August 23, 2019

Tenth Circuit: Despite Probability of Ongoing Harm, Business Failed to Show Former Employee’s Solicitation Violated Business Agreement

The Tenth Circuit Court of Appeals issued its opinion in DTC Energy Group, Inc. v. Hirschfeld on Friday, December 28, 2018.

The district court denied plaintiff DTC Energy Group’s motion for preliminary injunctive relief. On appeal, the Tenth Circuit Court of Appeals affirmed.

DTC is a staffing and consulting firm, and has sued two of its former employees—Adam Hirschfeld and Joseph Galban—as well as a competing firm, Ally Consulting, LLC, for using DTC’s trade secrets to divert business from DTC to Ally.

Hirschfeld worked for DTC as a business development manager, and had signed an employment agreement that included confidentiality, non-solicitation, and non-interference provisions.  The confidentiality provision prohibited Hirschfeld from using DTC’s confidential information for his own benefit or the benefit of another company. The non-solicitation and non-interference provisions prohibited Hirschfeld from encouraging DTC’s current customers to take their business to a competitor and from recruiting DTC’s employees to work for a competitor, for the duration of his employment with DTC and for a period of 1-year thereafter, unless he resigned due to a change in ownership.

While employed by DTC, Hirschfeld used DTC’s resources to win business for Ally, allegedly in violation of his duty of loyalty to DTC and his employment agreement. Hirschfeld resigned from DTC in May 2017, citing a change in ownership. Upon his resignation, Hirschfeld took a flash drive containing DTC’s confidential information, and also kept his laptop logged into DTC’s Dropbox account so he could continue accessing DTC’s confidential information after his departure. The day after leaving DTC, Hirschfeld began working at Ally as its director of business development.

In September 2017, DTC filed its amended complaint and moved for preliminary injunction based on its claims for breach of contract, breach of duty of loyalty, misappropriation of trade secrets in violation of the federal Defend Trade Secrets Act and Colorado’s Uniform Trade Secrets Act, and unfair competition. The district court denied the motion, finding the duty of loyalty owed by defendants to DTC and the non-solicitation clause of Hirschfeld’s employment agreement had expired, and that DTC was unable to show a significant risk of future misappropriation of trade secrets and unfair competition. The district court reasoned that because a majority of the conduct at issue had occurred before DTC moved for a preliminary injunction, the resulting harm to DTC was therefore identifiable and could be remedied by an award of damages.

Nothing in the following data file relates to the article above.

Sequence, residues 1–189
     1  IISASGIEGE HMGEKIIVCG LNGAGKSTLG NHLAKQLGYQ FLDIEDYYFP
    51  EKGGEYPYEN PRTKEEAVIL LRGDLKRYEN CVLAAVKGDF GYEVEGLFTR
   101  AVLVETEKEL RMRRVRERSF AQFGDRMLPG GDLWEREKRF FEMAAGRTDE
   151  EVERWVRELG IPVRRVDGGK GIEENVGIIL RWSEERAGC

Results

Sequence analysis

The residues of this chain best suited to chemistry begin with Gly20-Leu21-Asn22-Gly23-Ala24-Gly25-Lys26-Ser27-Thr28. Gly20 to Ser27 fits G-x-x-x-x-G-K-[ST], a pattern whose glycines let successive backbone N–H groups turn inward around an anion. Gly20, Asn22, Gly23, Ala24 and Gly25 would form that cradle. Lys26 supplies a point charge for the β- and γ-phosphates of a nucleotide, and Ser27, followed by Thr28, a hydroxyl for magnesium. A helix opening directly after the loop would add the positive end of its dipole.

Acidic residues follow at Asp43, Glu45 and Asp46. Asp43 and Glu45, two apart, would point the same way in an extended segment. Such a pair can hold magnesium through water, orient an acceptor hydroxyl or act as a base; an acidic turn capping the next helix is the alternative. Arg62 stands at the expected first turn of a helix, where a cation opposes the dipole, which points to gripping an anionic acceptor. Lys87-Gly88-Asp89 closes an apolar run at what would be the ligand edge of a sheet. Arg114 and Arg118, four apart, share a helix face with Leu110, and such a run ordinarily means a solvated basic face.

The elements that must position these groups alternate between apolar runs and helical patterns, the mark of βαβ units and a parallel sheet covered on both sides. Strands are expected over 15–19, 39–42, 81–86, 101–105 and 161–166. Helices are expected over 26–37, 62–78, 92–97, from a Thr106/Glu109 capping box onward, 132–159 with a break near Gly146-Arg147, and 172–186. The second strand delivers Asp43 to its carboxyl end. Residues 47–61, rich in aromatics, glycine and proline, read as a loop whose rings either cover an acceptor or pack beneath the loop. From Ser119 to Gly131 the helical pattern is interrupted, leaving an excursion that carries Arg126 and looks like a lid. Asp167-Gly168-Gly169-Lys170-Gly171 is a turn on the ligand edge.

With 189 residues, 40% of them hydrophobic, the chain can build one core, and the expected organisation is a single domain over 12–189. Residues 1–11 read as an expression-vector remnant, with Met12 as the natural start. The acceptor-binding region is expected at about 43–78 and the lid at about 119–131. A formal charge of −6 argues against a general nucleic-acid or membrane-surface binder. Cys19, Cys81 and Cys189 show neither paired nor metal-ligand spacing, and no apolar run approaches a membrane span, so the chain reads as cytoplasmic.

On appeal, DTC argued that the district court’s finding that DTC had established a significant risk of irreparable harm based on defendants’ past misconduct was erroneous because it failed to take into consideration the harm DTC continues to suffer as a result of defendants’ past misconduct—specifically the harm to DTC’s goodwill and competitive market position.

In its review of the district court’s decision, the Tenth Circuit focused on the showing of irreparable injury in the absence of the issuance of a preliminary injunction. The district court had found that DTC had shown a probability of irreparable harm from Hirschfeld’s ongoing breach of his employment agreement, but not with respect to DTC’s other claims.

DTC’s trade secret claims did not establish a probability of irreparable harm because there was no evidence in the record that defendants retained access to DTC’s confidential information or trade secrets. While the federal Defend Trade Secrets Act and Colorado’s Uniform Trade Secrets Act authorize preliminary injunctive relief to prevent actual or threated misappropriation of a trade secret, the Tenth Circuit concluded that DTC had not offered sufficient evidence that defendants currently possessed DTC’s trade secrets or would be likely to regain access to DTC’s trade secrets.

DTC’s unfair competition claim did not establish a probability of future irreparable harm because DTC had offered no evidence that Ally continues to appropriate DTC’s name or resources to solicit business, nor was there any evidence demonstrating ongoing confusion within the industry as to the relation between the two companies.